Writing Your Interspiritual Life Story

Writing Your Interspiritual Life Story January 20, 2023

One of the first things I encourage people to do in the interspiritual mapping process is to write their interspiritual life story. It offers clues about interests, needs, values, aspirations and distastes. What you don’t like is often as important as what you like. Here are a few questions to help you write your interspiritual life story.

What is Your Religious or Spiritual Background?

Were you raised in a religious or spiritual environment? If yes, what did you like about that? What didn’t you like? Did anything stay with you? Think through every aspect of the religious or spiritual environments, including their central tenets, community, and rituals.

What did your parents teach you about spirituality and religion if you weren’t raised in a religious or spiritual environment? What did you learn on your own? Was a spiritual spark lit when you were young, or did your interest develop over time?

What Ideas and Practices Have Attracted You?

What spiritual ideas and practices have attracted you over the years? I, for one, tried everything from Native American sweat lodges to various meditation practices. Each new concept and practice offered something new to experience and think about. I also read countless books and found nuggets of wisdom in each of them. What about you?

Have You Had Any Spiritual Experiences?

There are two primary spiritual awakenings. One happens when people crash and burn. While usually unpleasant, it can be eye-opening and encourage people to re-evaluate their priorities. The other occurs when people have peak spiritual experiences, such as finding the light or merging into oneness. Both have value for people who are on the spiritual path. Have you had some experience that falls into either one of these two categories? How did it feel? What did you learn? What stayed with you afterward? Explore the impact.

What Do You Consider to Be Spiritual?

Definitions of spirituality differ widely. I’ve offered a definition of my own in this publication. What is yours? Has it changed over the years? A definition is important because it frames what you consider spiritual. Suppose you only consider peak experiences spiritual. In that case, your encounters will be few and far between. In contrast, if you think finding beauty in the mundane is a spiritual exercise, you will get countless opportunities to practice.

What Gives Your Life Meaning, Purpose and Direction?

If you haven’t already, uncover the values that drive your behavior. What helps you wake up in the morning? Do you feel like there is a higher purpose that guides you? Most people have values, although some are unaware. The most important thing when you answer this question is to listen within. Don’t parrot what you’ve learned from others. Dig deep and figure out what your values are.

What Limitations Have You Encountered?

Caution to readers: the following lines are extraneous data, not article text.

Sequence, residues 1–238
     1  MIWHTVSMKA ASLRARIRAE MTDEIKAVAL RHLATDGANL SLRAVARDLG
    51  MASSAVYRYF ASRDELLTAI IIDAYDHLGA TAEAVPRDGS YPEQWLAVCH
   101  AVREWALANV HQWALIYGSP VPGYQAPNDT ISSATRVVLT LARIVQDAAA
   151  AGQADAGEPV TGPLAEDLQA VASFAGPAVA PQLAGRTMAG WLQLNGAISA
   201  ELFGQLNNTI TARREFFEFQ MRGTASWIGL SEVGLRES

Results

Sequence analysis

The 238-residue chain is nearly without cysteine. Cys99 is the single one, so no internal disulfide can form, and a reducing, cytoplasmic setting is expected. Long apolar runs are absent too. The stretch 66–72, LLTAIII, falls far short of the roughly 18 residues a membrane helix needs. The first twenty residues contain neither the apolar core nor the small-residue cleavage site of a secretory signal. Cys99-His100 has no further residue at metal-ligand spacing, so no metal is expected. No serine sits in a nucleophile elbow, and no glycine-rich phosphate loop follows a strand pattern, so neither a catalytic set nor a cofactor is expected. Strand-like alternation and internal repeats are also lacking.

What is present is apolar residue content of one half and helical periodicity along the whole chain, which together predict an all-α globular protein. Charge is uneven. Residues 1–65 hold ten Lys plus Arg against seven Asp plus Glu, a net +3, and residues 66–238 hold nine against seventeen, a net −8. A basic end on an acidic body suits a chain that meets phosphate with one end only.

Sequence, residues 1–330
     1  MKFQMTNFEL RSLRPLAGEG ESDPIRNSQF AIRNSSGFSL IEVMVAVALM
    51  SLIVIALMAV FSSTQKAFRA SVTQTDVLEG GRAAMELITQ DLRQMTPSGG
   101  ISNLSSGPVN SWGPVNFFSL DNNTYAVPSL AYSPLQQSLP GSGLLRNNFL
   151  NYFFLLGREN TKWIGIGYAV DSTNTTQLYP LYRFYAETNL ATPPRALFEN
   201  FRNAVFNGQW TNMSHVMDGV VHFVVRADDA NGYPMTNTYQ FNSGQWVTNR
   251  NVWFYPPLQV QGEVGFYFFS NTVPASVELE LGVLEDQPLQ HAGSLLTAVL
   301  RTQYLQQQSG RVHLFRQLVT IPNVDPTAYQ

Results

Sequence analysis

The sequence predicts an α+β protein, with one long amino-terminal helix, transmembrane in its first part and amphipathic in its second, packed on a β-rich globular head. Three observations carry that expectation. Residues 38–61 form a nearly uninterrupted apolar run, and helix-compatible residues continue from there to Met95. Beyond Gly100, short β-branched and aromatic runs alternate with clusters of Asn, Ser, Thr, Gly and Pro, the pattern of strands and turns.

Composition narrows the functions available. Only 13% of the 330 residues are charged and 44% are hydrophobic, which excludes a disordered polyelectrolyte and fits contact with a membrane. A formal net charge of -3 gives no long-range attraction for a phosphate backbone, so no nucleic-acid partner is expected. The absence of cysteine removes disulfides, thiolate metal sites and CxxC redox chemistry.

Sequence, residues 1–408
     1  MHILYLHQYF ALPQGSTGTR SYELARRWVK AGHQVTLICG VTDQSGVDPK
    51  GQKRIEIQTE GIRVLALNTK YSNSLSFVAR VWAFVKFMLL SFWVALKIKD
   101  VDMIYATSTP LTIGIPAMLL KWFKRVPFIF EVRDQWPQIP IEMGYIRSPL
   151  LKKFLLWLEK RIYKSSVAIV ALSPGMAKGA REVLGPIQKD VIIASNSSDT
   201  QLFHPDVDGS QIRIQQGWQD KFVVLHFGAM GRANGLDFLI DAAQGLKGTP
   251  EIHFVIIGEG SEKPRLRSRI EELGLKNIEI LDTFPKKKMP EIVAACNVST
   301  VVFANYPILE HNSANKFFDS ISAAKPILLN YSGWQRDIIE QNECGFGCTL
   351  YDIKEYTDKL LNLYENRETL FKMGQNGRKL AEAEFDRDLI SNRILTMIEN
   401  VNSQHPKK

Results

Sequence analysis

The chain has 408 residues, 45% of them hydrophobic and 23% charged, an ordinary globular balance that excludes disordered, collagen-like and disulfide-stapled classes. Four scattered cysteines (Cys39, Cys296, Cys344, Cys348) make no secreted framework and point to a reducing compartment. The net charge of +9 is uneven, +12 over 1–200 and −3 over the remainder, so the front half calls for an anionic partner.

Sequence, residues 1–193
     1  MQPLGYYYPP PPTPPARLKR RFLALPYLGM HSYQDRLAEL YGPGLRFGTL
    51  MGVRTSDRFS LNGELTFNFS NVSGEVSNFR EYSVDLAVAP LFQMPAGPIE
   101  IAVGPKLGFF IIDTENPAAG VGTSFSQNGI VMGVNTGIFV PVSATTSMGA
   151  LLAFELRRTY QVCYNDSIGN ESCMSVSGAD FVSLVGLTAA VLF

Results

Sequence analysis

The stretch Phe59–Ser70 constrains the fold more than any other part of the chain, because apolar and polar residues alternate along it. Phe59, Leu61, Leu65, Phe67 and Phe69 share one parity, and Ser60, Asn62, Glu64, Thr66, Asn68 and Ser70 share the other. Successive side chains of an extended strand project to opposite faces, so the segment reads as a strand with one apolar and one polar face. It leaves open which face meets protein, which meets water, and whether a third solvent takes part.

What limitations have you encountered in spiritual and religious communities and philosophies? Most people who are interested in interspirituality have had experiences where the ideas or practices they used to abide by no longer make sense. Such events often present themselves as turning points in life and open people up to new possibilities.

When Did You Open Up to Interspirituality?

As stated in the previous paragraph, opening up to interspirituality often coincides with experiences of limitations. People think, “I don’t like this. What else is out there?” In other cases, the interest is driven by pure love and attraction. People exclaim, “This is fascinating. I need to learn more!” What is your story? When did you get interested in ideas and practices from more than one tradition? Why? What was it that attracted you? Answer this question honestly. It will help you build a solid interspiritual practice.

Spiritual Practices?

Looking back at your life, did you regularly engage in any spiritual practices? If yes, what kind of practices? Are you still practicing? Answering this question, some people realize that they got tremendous value out of methods that they no longer engage in. Others discover that they are already involved in numerous spiritual practices without labeling them as such. One woman I worked with realized that her practice of sitting out on the porch every morning was much more contemplative and meditative than she had realized. With that in mind, spiritual practices can be both ritualized—think prayer and meditation—and spontaneous—think gratitude and conversations with a higher power.

The Value is There

When I wrote my spiritual memoir in 2019, it was the most eye-opening exercise I’ve ever engaged in. Seeing clearly—in some cases for the first time—the throughlines, awakenings, and mistakes has informed my spiritual practice ever since and helped me be true to myself. I hope writing your interspiritual life story will do the same for you.

Gudjon Bergmann
Author and Mindfulness Teacher
Amazon Author Profile

Recommended books by GB:

Picture: CC0 License

"Who is it that is really "yelling and screaming" for change? The usual suspects: the ..."

Change Must Come From Within
"A good post, and good advice. Thanks"

Why You Want Your Meditation Teacher ..."
"your post doesn't make any sense. how are we not a nation of aspirational values?"

The Hardening of America
"But the Fairness Doctrine only applied to broadcast and not to cable, which is where ..."

The Hardening of America

Browse Our Archives